United States Telecommunications Policies in the Carribean

by Pamela Hilliard Owens on January 23, 2010

Cuban FlagAs the eyes of the world continue to focus on the Caribbean, it is helpful to remember that in the spring of 2009, the United States began implementation of a series of telecom changes in its policy with Cuba. Foremost of the changes was the increase of authorized telecommunications links that will allow U.S. telecommunications providers to establish fibre-optic and telecommunications facilities that link Cuba and the United States.

Additionally, the telecommunications providers in the United States will be able enter into licensing and roaming operating agreements with the telecommunications providers in Cuba. The licenses will allow the U.S. telecom providers to provide services to customers in Cuba and to let a license exception facilitate export of mobile phone systems, computers, software, and satellite receivers; even through 3rd-country service providers.

As we continue to deliberate the political ramifications of the policies of the United States towards anything and everything concerning Cuba, it is helpful to remember that one of the political reasons for this relaxing of the policy is that Cuba was moving towards allowing Venezuela dominating its telecommunications policy. Of course it is logistically easier to extend fibre-optic cables from the United States to Cuba than from Venezuela to Cuba; but Cuba seems to want to go for the best deal; like most countries. So the Obama Administration has decided that the “best deal” should come from the United States, not Venezuela.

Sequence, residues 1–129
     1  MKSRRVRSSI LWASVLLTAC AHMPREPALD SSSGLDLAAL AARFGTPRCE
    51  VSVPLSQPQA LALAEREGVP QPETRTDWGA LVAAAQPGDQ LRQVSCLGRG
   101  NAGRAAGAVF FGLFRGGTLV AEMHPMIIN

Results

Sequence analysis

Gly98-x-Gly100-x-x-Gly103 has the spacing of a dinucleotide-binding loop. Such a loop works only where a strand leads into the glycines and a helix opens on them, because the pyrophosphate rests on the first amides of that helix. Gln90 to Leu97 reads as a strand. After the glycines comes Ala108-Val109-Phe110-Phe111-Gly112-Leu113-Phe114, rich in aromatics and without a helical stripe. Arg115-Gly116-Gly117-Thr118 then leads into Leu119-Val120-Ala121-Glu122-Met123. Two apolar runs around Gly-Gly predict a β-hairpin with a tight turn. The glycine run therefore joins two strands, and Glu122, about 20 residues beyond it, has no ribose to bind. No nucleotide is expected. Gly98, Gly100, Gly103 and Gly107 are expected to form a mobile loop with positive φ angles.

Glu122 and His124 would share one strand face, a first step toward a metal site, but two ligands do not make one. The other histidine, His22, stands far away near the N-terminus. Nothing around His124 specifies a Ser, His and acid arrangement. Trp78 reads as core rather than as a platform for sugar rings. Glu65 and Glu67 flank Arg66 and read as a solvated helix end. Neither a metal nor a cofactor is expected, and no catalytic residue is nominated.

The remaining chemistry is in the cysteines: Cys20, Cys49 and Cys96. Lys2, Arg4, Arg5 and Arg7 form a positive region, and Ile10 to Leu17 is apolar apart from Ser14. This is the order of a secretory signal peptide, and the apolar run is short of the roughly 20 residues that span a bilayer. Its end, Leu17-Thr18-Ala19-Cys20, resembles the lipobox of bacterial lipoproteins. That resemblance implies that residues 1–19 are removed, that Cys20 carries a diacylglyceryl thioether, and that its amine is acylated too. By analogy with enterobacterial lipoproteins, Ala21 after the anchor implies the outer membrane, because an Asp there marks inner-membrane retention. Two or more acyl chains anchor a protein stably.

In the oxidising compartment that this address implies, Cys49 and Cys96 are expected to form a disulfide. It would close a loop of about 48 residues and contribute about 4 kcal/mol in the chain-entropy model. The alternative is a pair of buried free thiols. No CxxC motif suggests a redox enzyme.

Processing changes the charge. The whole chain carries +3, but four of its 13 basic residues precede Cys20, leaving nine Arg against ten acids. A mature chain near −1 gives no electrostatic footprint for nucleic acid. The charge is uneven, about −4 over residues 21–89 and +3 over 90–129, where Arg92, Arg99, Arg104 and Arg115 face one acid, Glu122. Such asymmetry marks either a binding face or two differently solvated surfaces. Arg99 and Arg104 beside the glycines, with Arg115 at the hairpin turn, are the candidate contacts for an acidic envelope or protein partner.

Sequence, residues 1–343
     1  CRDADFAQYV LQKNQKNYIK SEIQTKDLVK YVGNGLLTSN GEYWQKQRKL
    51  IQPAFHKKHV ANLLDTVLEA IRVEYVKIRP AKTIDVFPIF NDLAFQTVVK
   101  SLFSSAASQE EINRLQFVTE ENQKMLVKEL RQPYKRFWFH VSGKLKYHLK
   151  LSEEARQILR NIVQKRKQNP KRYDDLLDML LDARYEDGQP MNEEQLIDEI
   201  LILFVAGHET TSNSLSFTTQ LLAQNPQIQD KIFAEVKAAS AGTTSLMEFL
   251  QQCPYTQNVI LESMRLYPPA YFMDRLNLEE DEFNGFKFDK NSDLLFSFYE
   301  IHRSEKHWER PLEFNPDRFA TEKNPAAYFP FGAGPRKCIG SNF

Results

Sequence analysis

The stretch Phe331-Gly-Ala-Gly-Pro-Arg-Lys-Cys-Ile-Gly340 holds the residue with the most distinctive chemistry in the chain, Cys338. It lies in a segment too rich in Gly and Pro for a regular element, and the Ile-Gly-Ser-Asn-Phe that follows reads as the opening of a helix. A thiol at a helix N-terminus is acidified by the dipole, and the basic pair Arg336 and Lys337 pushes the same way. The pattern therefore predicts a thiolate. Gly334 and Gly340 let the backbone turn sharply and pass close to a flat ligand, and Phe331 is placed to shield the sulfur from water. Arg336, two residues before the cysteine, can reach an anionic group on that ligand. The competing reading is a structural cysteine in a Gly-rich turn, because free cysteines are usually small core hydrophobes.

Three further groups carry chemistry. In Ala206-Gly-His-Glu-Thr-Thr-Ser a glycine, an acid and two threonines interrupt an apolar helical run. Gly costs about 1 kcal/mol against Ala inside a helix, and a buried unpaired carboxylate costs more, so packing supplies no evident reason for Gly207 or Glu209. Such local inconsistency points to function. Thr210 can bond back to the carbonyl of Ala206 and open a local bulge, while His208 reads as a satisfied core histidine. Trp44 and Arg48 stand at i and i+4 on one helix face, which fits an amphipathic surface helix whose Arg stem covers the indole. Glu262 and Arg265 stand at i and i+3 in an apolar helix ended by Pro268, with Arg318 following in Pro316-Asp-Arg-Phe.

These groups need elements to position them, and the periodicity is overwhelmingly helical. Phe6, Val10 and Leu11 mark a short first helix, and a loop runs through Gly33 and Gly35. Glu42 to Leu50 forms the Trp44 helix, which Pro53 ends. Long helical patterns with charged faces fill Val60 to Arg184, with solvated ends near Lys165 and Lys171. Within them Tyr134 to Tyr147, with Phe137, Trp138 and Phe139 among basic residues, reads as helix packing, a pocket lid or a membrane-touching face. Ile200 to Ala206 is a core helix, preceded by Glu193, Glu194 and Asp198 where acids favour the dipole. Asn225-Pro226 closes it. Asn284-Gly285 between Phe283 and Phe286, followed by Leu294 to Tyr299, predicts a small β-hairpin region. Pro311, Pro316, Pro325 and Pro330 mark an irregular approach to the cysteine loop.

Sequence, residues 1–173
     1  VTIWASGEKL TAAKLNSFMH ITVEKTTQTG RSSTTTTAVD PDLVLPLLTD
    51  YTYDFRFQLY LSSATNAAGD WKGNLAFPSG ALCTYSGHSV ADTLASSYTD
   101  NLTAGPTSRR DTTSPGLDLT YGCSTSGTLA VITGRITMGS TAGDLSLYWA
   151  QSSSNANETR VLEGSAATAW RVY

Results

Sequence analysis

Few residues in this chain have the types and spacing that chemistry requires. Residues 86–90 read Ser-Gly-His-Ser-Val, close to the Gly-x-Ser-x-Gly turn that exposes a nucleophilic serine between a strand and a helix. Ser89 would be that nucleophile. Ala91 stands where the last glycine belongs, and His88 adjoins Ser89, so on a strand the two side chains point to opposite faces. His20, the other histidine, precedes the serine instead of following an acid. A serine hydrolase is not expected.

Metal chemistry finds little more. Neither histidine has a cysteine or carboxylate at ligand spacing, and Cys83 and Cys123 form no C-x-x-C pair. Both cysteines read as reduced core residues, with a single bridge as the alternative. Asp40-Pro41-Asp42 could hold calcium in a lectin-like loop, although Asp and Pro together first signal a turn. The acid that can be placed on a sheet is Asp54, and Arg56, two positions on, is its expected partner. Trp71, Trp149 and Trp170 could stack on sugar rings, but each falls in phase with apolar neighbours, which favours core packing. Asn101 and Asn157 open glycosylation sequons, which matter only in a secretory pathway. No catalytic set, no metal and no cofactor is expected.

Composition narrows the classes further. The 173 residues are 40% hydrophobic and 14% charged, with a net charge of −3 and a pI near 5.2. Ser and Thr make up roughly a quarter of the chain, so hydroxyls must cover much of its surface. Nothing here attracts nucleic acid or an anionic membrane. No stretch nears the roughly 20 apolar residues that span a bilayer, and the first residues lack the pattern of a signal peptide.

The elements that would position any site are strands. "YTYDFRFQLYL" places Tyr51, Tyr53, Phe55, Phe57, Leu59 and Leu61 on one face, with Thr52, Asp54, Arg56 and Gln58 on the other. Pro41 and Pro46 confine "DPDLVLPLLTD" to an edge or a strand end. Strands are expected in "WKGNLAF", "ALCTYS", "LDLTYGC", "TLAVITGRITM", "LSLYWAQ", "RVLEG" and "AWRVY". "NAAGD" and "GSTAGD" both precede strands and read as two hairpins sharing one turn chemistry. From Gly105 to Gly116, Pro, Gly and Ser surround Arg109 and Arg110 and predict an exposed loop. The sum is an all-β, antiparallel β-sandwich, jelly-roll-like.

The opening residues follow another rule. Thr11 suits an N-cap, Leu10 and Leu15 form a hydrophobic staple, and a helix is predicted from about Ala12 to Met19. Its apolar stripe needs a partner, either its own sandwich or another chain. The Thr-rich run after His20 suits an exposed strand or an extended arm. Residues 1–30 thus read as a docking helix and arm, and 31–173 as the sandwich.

How this will extend to our Caribbean neighbour Haiti is yet to be seen. Future opportunities abound.

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Written by: Pamela Hilliard Owens.

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